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There’s no doubt Yamaha’s manufacturing agreement with Arctic Cat has been a success for Yamaha.

If for no other reason, the company has been able to double its line-up of new vehicles and can now compete head-on in categories it was not present in before.

Here’s where we wish the agreement would go in 2016: We’d love to see more Yamaha engines put to use in the ProCross (Yamaha SRV) chassis.

We’ve discussed the potential for a transplant of either the Phazer’s 500 twin or the Apex 4-cylinder in modified versions of the Viper platform. Either of these changes would offer customers some pretty cool choices in categories where two of Yamaha’s signature sleds need a revamp.

It’s been two model years now since the agreement was signed and we’d like to think the Japanese manufacturer has been busy doing some of its own innovating. One such change could be the intro of an all-new engine that bridges the gap between the 500 twin and the Viper 1049cc triple.

A smaller displacement, slightly lower tech, lower weight 4-stroke displacing somewhere between 700 and 800ccs could be a useful engine in the utility segment and would entice 4-stroke owners into a trail performance sled of the same ilk as Ski-Doo’s very successful ACE engines.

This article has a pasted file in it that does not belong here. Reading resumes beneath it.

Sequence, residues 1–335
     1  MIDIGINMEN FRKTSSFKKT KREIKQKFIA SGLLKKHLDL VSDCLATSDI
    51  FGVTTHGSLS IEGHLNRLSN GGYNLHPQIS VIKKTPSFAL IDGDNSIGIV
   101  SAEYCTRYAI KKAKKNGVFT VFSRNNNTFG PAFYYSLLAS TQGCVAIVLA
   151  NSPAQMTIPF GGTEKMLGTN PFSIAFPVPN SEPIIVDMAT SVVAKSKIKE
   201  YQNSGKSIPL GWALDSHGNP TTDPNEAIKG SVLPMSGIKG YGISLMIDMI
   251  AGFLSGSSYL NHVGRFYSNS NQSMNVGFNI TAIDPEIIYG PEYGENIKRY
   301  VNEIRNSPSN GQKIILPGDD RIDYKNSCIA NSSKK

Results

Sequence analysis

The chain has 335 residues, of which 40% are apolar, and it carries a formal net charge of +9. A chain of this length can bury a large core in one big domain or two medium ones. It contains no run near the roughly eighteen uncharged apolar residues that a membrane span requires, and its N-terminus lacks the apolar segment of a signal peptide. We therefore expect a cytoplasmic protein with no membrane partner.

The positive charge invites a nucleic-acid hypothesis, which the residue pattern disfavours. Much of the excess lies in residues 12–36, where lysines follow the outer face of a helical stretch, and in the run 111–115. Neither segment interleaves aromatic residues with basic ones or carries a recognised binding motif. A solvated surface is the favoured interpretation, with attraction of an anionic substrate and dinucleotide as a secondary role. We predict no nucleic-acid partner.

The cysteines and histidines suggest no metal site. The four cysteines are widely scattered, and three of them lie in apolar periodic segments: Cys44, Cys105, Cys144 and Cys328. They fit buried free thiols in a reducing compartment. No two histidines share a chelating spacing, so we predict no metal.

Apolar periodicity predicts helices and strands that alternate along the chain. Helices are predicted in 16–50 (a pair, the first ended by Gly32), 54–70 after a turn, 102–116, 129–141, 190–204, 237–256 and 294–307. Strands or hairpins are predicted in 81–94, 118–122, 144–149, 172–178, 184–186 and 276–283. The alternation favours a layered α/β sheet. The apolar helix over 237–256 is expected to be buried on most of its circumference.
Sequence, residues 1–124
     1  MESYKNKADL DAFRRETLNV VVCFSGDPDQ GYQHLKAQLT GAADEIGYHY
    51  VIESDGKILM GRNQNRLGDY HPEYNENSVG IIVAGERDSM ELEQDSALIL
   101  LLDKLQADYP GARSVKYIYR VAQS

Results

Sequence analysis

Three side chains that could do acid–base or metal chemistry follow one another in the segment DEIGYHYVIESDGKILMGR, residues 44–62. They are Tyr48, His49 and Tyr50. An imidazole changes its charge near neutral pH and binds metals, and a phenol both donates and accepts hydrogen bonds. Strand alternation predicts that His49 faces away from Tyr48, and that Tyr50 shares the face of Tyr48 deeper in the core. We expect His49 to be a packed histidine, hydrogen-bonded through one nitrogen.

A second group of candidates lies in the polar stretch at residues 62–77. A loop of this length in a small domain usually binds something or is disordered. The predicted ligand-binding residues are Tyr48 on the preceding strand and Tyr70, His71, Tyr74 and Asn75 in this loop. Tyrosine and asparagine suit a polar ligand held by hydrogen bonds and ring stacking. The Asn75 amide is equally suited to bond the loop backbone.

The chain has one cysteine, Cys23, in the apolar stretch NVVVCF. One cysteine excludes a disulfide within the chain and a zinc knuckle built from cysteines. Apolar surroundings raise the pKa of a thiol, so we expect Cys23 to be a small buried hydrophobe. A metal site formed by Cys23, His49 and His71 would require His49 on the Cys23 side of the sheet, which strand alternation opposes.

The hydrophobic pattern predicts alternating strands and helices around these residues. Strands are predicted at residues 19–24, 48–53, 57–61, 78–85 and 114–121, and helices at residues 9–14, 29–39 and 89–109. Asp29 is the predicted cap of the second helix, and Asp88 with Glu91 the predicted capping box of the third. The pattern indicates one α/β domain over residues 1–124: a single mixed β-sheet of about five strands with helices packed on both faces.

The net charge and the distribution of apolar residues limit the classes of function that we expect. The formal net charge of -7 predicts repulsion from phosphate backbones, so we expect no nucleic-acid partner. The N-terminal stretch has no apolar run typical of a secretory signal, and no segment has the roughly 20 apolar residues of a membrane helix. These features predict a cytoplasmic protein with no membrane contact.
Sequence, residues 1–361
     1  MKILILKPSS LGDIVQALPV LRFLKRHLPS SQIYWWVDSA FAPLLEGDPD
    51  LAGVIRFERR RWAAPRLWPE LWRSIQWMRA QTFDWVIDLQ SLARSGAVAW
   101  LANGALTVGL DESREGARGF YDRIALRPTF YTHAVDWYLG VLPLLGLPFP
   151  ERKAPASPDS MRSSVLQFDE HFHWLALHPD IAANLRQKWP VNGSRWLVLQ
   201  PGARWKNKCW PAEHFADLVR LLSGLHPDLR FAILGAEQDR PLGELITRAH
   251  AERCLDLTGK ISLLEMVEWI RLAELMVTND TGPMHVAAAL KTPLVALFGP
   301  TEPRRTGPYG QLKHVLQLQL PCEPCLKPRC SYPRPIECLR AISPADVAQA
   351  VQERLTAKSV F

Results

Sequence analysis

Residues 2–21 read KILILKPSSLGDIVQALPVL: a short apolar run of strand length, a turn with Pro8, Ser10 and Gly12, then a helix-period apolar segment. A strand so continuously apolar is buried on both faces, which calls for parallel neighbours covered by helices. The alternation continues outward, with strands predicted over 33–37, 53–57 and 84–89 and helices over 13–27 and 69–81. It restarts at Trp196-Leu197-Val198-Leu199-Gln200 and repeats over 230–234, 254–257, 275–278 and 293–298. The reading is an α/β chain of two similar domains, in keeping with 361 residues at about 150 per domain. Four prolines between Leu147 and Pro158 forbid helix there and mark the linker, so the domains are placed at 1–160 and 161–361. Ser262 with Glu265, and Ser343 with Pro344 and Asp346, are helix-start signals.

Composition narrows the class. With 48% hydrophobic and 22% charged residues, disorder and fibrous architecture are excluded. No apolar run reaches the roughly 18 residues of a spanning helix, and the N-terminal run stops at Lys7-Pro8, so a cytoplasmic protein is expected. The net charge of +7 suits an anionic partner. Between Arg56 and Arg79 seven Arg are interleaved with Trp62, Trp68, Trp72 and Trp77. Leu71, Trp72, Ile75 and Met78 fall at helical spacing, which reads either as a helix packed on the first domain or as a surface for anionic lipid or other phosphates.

Here’s another one: We’d love to see Yamaha offer its own roller secondary clutch on all Vipers. We think this addition would only be a good thing for the company’s performance image and a stronger backshift would make the Viper even more appealing.

Another area we’d like to see Yamaha leap forward in is offering more adjustability in its Viper suspensions. Certainly, the front air shock systems on the SE, the front-rear air shocks on the X-TX SE and the rear air shock on the S-TX DX are appealing and have a certain amount of adjustability but the rear suspensions on the R-TX and L-TX series would really benefit from more tune-ability.

A prime example is the limited build and very successful 2015 LE series in these two categories that offer more sophisticated rear shocks with compression clickers on them. These sleds have been a homerun and prove that performance consumers want more adjustability and the capability to fine-tune their sleds for their specific type of riding.

Just a few ideas and there’s more top-secret stuff coming in the next issue of Supertrax.

Kent Lester
Kent Lester
Kent Lester is Co-Publisher of SUPERTRAX Magazine and a regular contributor to this website.

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